Fig. 1. Mesial surface of tooth 82, a lower left M1, showing a well-developed artificial groove. The scale is approximately three times natural size. Arrows indicate cementum buildup along lower border (Frayer and Russell 1987).**
It's a pity that to illustrate the grooves, Frayer and Russell published next-to-useless photographs. The closest they get to a decent illustration is reproduced above. And it's almost completely unhelpful. The pointy ends of two arrows in the photo below indicate a [sub-linear, sub-horizontal] area of cementum buildup immediately beneath a "troughlike" groove at the cementoenamel junction. If I'm not mistaken, one can see what must be the upper margin of the "groove" on this lower left M1's mesial surface. In this view it appears as a faint, intermittent, sub-linear, sub-horizontal, darkening on the tooth's surface. The pairs of blue and yellow arrows point out the visible portions of the groove's upper margin. The red arrows point to the lingual and buccal ends of what I take to be the most prominent points on the abnormal cementum growth [which is the line described by the illuminated upper portion and the lower portion, which is in shadow].

MAKE A NOTE OF THIS. In the above illustration, that the abnormal cementum growth isn't parallel with the "artificial groove." This suggests to me that the abnormal cementum growth is not in any way related to the much more horizontal upper margin of the "groove."

To argue that the Krapina dental lesions [i.e. premortem tissue damage] were the result of Neanderthal dentistry, in their paper Frayer and Russell cite earlier scholarship on interproximal grooving, which North American anthropologists have documented and which some have provisionally identified as being due to toothpick use—Ubelaker et al. (1969), for example.
D.H. Ubelaker, T.W. Phenice, AND W.M. Bass, “Artificial Interproximal Grooving of the Teeth in American Indians.” AJPA 30:145—150, 1969.
Ubelaker et al.'s photo illustration is far superior to that of Frayer and Russell, and clearly points up an enormous difference between the grooves observed on archaeological North Americans and those on the MP Krapina teeth. Look at the beautifully crisp reproductions in the triptych below. See? In the left-side panel an arrow points to the rightmost tooth, sporting*** the rather obvious cylindrical attrition that took place during the individual's life. Two more examples appear in the middle and right-side panels.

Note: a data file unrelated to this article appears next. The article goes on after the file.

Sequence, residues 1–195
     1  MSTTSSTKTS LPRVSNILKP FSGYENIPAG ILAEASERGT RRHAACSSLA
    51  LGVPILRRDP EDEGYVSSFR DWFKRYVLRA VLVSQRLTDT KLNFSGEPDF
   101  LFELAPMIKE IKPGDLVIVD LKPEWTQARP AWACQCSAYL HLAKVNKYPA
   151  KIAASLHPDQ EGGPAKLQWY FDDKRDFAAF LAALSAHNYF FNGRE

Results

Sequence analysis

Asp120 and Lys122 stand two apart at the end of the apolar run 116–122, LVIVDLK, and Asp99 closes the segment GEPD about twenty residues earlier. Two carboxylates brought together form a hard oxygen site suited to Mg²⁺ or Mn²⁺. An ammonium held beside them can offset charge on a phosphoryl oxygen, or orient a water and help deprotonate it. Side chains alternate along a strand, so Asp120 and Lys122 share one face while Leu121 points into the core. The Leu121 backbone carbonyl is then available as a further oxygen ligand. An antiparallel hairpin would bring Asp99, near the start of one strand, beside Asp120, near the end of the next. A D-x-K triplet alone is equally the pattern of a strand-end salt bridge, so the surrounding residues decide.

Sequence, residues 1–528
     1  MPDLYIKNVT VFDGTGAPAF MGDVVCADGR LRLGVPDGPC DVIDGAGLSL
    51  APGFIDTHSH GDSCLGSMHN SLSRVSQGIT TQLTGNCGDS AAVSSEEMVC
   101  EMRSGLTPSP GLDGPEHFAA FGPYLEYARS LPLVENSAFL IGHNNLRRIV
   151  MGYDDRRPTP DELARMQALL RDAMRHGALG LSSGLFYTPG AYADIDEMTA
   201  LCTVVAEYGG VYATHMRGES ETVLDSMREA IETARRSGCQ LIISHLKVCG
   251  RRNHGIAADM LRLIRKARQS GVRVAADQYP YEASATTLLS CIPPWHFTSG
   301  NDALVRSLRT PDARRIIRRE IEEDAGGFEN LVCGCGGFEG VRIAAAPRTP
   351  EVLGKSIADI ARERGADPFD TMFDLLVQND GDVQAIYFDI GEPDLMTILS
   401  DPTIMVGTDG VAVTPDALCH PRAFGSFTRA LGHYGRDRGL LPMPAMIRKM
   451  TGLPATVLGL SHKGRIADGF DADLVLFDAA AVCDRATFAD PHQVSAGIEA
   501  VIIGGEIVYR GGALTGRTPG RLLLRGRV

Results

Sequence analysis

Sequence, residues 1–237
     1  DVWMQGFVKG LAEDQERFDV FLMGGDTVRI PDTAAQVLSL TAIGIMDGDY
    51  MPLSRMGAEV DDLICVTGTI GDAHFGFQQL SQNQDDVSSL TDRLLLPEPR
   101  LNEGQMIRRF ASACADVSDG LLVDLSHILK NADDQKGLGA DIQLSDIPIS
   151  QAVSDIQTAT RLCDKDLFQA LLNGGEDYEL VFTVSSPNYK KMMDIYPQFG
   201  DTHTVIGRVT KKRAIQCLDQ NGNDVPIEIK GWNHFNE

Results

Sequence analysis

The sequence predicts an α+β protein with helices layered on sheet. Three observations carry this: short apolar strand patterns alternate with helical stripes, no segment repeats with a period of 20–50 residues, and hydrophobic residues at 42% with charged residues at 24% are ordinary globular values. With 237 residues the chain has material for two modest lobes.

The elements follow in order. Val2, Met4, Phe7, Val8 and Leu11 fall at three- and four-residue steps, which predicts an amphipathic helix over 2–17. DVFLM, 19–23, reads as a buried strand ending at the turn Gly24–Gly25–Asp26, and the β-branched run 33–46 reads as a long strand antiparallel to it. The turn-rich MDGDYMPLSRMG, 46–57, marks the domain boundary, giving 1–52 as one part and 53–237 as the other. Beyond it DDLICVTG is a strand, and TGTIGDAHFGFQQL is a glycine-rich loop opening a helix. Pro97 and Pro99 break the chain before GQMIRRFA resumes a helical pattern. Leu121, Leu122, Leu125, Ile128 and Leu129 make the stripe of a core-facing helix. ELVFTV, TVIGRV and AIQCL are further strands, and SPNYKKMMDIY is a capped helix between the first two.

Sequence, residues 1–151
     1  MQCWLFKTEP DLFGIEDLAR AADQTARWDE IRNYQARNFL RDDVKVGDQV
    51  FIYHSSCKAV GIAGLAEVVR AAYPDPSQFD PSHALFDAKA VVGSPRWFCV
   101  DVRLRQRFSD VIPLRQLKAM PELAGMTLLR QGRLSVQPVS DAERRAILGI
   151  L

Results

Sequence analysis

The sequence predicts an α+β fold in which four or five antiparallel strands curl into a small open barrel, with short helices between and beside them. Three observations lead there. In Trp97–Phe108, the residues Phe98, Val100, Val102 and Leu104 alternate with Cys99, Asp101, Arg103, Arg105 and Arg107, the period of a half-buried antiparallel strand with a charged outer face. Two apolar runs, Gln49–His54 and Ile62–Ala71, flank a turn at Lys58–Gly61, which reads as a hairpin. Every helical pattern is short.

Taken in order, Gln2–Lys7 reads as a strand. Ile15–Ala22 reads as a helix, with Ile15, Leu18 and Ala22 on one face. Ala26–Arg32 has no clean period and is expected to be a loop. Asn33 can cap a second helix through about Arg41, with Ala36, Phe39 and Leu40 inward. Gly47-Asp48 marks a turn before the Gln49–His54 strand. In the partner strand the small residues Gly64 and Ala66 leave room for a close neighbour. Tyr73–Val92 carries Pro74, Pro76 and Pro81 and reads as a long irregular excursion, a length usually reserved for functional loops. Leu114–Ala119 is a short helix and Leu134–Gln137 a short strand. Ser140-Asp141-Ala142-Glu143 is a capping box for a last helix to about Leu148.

From Ubelaker et al. (1969).
The following are two versions of a beautiful, clear pic from an Arikara (Aboriginal Native Americans) thanatocoenose. The photo immediately below illustrates the cavernous groove on the left tooth. 

From H.E. Berryman, D.W. Owsley, and A.M. Henderson, “Non-carious Interproximal Grooves in Arikara Indian Dentitions.” AJPA 50:209-212, 1979.
In the version below, I've highlighted in red the size of the cylinder that would have been needed to create [at least] the most recent extent of the groove. Roughly in dashed yellow the original, interproximal surface profile of the affected tooth. Although neither Ubelaker et al. nor Berryman et al. give us a scale, I think it's possible to estimate that a groove like this is at least an order of magnitude larger than the lesions reported by Frayer and Russell (1987). 

From H.E. Berryman, D.W. Owsley, and A.M. Henderson, “Non-carious Interproximal Grooves in Arikara Indian Dentitions.” AJPA 50:209-212, 1979.
The latest crew trying to argue for MP dentistry—Lozano et al. (2013)—pop off the high-res beauties you see below. Nevertheless, in the pair immediately below it's not really clear what's being pointed to, much as was the case with Frayer and Russel's images of the MP lesions. But this image is not intended to document the lesions: it's meant to provide the anatomical context for the close-ups reproduced further down.

From Lozano et al. (2013)
Lozano et al. do provide clear, documentary, images of the Cova Foradà lesions. In the photomicrographs and SEM images reproduced below, the grooving is very visible. However, when you consider the scale,  you notice that A's groove is about 2 mm buccal--lingual and about 1 mm inferior--superior.

In B, the SEM of A's groove, you see, even more clearly, the lesion's topography. But you also see something else. The "groove" isn't cylindrical, it's irregular, and it has a narrowing approximately half-way. This sort of "waisting" is what you might expect if the cause of the attrition was a cylindrical object rubbed against the tissue repeatedly, but never at quite the same angle. Likewise C and D, below. These grooves on the Neanderthal teeth from Cova Foradà are tiny compared with the veritable tunnels seen in the modern human examples from Berryman et al. and Ubelaker et al., above.

From Lozano et al. (2013).
I'm intrigued by the SEM photomicrographs, B and D, above. One of the criteria that all observers agree on is that of minute striae on the attritional surface that are presumed to evince the presence of grit when the cylindrical object was being moved back and forth within the attritional groove. A quasi-cylindrical morphology would be only other observation that might persuade one to think the dental attrition had been caused by a cylindrical object.